Typically it’s the parents whose right comes first when it comes to taking care of a child, and courts usually agree to that. But if a third party, such as grandparents, claim a kid’s custody – then the court considers both the parent’s legal right and the best interest of the kid.
However, grandparents who seek custody of their grandchildren must submit a really compelling case before the court to convince the judge. Below we discussed multiple situations when grandparents can claim custody of a kid, and the potential in each case.
If both parents are alive
Law can vary state-wise, but usually, when both of the parents are alive – the court grants custody to both or any one of them. Grandparents may claim the custody, in which case they need to prove any of the followings to make their case strong enough to be considered.
- If both parents are alive, but they are unwilling or somehow unable to take care of the kid
- Both parents are physically, mentally, or morally unfit
- Both parents agree to surrender their claim in favor of grandparents
- The kid got abused by his/her parents and a case has been registered
- Both parents have a record of drug-abusing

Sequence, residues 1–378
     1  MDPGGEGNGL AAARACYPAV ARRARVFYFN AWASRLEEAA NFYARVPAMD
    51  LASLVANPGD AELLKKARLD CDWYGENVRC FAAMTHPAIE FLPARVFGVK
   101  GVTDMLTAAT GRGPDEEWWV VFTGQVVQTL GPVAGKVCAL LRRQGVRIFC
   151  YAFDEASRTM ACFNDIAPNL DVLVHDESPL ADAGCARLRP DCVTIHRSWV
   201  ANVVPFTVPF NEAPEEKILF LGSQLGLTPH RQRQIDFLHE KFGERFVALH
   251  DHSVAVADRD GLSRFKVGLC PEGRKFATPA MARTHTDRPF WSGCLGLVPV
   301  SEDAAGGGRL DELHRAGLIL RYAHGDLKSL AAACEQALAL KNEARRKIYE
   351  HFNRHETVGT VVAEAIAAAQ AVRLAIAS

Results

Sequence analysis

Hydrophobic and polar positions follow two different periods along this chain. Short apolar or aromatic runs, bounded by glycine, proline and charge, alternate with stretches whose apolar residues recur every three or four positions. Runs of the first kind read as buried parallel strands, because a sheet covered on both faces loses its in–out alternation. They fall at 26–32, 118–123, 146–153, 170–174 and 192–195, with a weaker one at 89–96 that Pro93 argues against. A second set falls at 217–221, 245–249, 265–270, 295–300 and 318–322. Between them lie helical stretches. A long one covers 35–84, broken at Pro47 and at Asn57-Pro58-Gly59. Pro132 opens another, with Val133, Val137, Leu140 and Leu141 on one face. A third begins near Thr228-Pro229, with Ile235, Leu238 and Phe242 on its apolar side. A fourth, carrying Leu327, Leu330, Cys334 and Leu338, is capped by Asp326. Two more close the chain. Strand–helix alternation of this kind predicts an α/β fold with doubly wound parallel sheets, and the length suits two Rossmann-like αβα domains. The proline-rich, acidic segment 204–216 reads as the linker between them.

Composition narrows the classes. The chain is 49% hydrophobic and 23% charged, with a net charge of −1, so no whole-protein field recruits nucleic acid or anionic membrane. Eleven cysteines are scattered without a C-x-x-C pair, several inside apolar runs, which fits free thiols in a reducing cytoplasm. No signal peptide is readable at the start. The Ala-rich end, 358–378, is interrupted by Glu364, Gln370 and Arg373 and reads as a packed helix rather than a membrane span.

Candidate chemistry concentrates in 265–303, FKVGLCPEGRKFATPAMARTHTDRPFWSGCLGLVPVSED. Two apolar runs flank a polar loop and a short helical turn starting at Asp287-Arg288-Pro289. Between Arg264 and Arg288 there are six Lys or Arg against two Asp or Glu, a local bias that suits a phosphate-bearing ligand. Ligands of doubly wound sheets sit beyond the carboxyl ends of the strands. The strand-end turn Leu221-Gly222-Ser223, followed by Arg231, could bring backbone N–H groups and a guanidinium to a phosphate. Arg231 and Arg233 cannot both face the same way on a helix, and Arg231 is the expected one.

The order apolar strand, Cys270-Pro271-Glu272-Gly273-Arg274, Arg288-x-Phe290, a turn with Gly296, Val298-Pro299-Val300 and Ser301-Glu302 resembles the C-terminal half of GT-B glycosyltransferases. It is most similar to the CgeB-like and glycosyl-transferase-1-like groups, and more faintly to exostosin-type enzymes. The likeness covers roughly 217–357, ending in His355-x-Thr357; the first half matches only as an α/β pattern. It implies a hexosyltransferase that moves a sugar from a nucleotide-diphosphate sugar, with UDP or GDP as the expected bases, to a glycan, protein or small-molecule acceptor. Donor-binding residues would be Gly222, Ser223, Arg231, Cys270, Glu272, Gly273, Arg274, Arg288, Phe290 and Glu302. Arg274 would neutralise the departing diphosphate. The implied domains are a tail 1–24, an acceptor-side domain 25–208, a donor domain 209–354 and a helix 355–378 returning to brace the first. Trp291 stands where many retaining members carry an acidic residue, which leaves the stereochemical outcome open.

Anyone of both parents is physically, mentally or morally unfit, and the other parent is not willing to take the custody.
If the child decides to live with a grandparent
There are just a few situations when grandparent’s claim can be considered worthy in the eyes of the law. However, if there’s any other family member who comes in the picture demanding the custody, chances are that the grandparent’s claim could be denied.
But one thing sometimes court put a little extra weight which is if the grandparents were acting as the actual parents. Some courts may ask for proof of minimum of one year of taking care history of the kid before it grants permanent custody.
It’s the court that decides to whom the child’s best interest will be preserved as the court considers all the aspects presented before them.
If the custodial parent dies: Once the custodial parent dies, the court generally decides to hand over the child’s custody to the other partner whether he or she was involved in the child’s care.
This is the first choice for the court, and if for any reason, court decides not to give the custody to the living parent – then the second option is the blood relatives. The court also considers the right of a child to choose to live with grandpa and grandma. Teenager’s right to choose to live with grandparents also considers with court